Recommended Reading

10 negative employee behaviors that undermine success

multibriefs.comAs managers, we expect the best behavior from each member of our team all the time. We fully expect our workgroups to be constructive and positive. We expect each member to contribute to a professional environment every day.  But in the real world of business, how do you know when someone is damaging the success of your enterprise? How do you know when to cut someone some slack or terminate their employment?  read more at

3 Ways Don Clifton Taught Me to Measure Performance

There is a strong connection between who people are and what they do best, and the more people actively think about their talents, the more they notice how their talents contribute to their success. That’s why the CliftonStrengths Assessment is such an important tool in improving people’s lives.  It is reliable, credible and practical. The science behind the assessment is solid, and the tool’s usefulness is substantial.  Many self-assessments simply are not useful.  read more at


The Problem with Saying “Don’t Bring Me Problems, Bring Me Solutions”

It’s time to retire the saying “Don’t bring me problems, bring me solutions.” Even though advocates of this approach believe it increases empowerment, helps employees manage up, and boosts careers, it’s fraught with challenges. Not every problem has an easy solution, and some require diverse points of view. Requiring solutions can breed a culture of intimidation, and prevent some problems from surfacing until they’re full-blown crises. Many managers demand solutions to avoid a culture of complaining. Modify your behavior so that people aren’t afraid to bring you bad news.  read more at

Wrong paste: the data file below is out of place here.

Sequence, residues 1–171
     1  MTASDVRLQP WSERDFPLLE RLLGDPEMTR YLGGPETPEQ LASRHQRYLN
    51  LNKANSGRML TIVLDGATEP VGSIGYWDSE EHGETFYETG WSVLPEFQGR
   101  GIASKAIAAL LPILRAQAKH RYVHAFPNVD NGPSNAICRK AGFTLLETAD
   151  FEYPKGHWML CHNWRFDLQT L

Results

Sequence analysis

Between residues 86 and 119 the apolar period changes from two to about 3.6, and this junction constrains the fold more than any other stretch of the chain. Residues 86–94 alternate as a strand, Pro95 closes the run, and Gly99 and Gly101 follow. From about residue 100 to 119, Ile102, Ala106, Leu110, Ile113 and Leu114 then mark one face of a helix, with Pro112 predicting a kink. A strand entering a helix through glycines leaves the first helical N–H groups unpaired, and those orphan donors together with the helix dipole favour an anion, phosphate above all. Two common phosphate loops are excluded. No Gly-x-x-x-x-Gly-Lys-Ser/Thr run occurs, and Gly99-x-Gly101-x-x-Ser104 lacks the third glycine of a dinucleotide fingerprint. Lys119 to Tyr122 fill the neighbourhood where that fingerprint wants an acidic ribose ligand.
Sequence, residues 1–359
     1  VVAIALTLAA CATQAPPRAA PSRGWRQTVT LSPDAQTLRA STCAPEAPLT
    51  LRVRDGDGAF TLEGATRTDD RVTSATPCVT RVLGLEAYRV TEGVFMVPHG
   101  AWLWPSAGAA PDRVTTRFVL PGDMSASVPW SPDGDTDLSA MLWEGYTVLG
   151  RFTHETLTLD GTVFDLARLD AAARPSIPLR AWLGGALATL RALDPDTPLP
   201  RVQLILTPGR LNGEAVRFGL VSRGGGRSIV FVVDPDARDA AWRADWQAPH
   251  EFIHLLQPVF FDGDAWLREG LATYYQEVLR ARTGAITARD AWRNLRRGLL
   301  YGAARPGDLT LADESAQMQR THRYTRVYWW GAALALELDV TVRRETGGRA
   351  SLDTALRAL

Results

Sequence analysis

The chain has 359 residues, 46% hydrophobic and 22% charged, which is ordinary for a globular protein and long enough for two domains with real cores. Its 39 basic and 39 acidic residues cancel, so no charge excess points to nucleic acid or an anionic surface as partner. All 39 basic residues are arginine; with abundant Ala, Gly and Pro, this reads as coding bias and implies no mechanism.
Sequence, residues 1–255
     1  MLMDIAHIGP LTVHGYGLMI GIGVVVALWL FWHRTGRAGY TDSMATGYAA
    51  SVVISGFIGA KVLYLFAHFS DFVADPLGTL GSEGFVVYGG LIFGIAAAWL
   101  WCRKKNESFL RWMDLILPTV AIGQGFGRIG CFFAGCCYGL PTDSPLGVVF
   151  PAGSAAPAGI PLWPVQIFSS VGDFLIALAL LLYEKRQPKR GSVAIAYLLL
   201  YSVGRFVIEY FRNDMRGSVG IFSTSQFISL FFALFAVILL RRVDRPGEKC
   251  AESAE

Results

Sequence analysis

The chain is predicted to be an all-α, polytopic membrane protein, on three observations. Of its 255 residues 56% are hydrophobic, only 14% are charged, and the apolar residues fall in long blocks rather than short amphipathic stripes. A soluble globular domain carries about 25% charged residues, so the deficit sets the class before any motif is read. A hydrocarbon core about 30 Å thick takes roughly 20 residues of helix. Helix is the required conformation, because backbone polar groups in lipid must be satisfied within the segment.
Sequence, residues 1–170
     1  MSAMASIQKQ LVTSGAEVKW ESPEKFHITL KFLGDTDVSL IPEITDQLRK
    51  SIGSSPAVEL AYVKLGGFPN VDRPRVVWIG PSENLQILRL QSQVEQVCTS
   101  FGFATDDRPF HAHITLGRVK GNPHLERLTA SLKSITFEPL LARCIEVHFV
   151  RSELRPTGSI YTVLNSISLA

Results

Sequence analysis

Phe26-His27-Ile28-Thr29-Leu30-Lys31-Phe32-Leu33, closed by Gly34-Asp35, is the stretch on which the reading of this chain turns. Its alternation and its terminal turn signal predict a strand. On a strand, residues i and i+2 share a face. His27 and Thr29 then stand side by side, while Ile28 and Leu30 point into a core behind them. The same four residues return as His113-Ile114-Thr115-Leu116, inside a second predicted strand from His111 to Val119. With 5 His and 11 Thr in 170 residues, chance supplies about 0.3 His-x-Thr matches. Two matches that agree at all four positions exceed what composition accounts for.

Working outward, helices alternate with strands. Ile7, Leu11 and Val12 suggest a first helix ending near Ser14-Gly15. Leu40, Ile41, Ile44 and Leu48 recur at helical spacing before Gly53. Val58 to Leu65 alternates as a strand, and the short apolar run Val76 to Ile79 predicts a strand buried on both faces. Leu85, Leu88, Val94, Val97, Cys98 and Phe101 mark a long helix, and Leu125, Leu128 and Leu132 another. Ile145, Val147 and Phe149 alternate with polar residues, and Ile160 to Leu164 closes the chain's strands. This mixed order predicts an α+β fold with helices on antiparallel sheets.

The Best Way to Inspire Creativity in Others Isn’t What You Might Think

If you think an awards dinner or a plaque is the best way to recognize your creative employees, well, maybe you’re trying to be too creative in your approach.  Turns out, monetary rewards are the best way to promote creative work. Instead, cash rewards are more motivating to these creatives. “The general consensus in the research literature on creativity is that money hurts creativity,” said Ravi Mehta, a University of Illinois professor who co-authored the study.   read more at


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